I have been in the Philippines for nearly a month and this past week was my first experience with culture shock.  I was assigned in the Medical Intensive Care Unit (MICU) which is a four bed facility with one registered nurse and one nursing aide. Typical cases or diagnosis seen in the MICU are hepatitis, chronic kidney disease, and communicable diseases such as streptococcal meningitis to name a few. This was my first experience in intensive care and on a charity ward which is also known as a service ward.  Charity wards are for patients who cannot afford to pay for private health care service. Thus requiring the patients and families to purchase all supplies such as medications, dressing supplies, gloves, needles, etc. The MICU unit being that it is charity ward has limited resources and higher patient to nurse ratios as compared to Canada there is typically one nurse to one patient in ICU.  On MICU staff have explained that everyday proves a challenge to provide ‘ideal’ care due to lack of resources and limited supplies. The realities of a charity ward is that if a patient cannot afford a routine test or medication they will not receive treatment.  In Canada regardless of a persons socioecnomic status everyone receives standard care. This past week has impacted my practice and taught me to become resourceful to limit waste of supplies. I will forever remember the first day I stepped foot into the hospital here in the Philippines because it challenged me both personally and professionally.;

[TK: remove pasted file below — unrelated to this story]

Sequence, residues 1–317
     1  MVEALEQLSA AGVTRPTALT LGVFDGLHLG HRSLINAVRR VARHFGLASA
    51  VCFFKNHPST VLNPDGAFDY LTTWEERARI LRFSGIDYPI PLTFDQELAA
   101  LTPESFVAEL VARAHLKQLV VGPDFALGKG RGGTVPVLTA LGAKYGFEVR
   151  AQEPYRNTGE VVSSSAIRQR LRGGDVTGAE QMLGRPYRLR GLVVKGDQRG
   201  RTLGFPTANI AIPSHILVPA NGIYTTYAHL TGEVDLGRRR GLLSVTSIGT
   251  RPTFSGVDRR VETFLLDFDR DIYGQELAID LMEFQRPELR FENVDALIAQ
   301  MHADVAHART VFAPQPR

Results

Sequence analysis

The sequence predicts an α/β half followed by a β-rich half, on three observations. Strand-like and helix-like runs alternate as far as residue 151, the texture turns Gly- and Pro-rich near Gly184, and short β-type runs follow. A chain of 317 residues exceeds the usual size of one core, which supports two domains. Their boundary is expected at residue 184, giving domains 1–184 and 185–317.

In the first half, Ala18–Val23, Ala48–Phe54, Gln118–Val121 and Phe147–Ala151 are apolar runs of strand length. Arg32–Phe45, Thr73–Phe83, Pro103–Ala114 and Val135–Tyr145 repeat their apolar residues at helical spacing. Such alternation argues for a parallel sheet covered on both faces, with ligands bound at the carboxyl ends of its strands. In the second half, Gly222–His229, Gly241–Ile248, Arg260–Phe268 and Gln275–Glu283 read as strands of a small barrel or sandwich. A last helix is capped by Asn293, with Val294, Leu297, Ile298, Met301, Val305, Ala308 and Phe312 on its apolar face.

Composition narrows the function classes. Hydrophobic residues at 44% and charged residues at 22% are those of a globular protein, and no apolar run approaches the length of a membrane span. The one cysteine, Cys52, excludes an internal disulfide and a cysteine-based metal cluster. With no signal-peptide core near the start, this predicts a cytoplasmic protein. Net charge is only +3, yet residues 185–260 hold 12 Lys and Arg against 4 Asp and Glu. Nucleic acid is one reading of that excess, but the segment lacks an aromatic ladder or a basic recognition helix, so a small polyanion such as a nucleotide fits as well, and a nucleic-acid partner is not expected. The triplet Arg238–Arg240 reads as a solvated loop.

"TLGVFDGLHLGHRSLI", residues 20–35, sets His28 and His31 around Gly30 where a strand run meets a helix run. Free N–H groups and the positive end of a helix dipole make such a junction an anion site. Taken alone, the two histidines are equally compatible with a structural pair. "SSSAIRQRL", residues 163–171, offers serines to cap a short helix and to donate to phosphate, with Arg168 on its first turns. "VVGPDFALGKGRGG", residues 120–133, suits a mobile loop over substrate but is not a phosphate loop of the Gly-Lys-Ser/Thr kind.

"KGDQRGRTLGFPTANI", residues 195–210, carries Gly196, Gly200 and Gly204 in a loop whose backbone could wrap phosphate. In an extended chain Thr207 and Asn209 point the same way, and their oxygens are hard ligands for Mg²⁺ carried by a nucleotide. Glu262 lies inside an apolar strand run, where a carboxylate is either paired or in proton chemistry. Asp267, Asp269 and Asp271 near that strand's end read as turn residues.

The Critical Care Unit (CCU) has a six bed capacity which also includes a hemodialysis room. The CCU nursing care is managed by two RN’s and one Nursing Aide. This unit provides care under a private delivery system – meaning that patients and families are required to pay for all services (blood work, x-rays, bed, gauze, gloves, suction tubing, medications etc.). It was a mini challenge at the beginning not only to nurse the patient, but also to tally and bill patients for any supplies used during their care. I had to make a conscious effort to fulfill this role as it would be easy not to think twice about grabbing extra supplies. It was my first experience in an ICU environment, and unfortunately it is difficult to make a comparison as I have not yet been exposed in this area back home. However, most of the equipment on the ward was modern and similar to what I have seen and used in Canada. The patients in CCU are acutely ill, and the complexity of their conditions were unlike anything I have experienced in my nursing undergraduate. One of my assigned patients had a number of treatments with which I have had experience managing previously, however never have I managed all these interventions at once. Some of the treatments managed were: nasogastric feeds, total parenteral nutrition, hemodialysis, JP drains, abdominal incision dressings, colostomy, foley catheter, cardiac monitor, ventilation, suctioning and numerous IV infusions. It was the first time I managed a patient under ventilation, and with the assistance of the Registered Nurses and Respiratory Therapists I was able to learn all about the necessary care involved which further increased my critical care knowledge. Overall I was challenged with the complexity of client conditions, and due to the guidance of the nursing staff was able to piece the puzzle of CCU!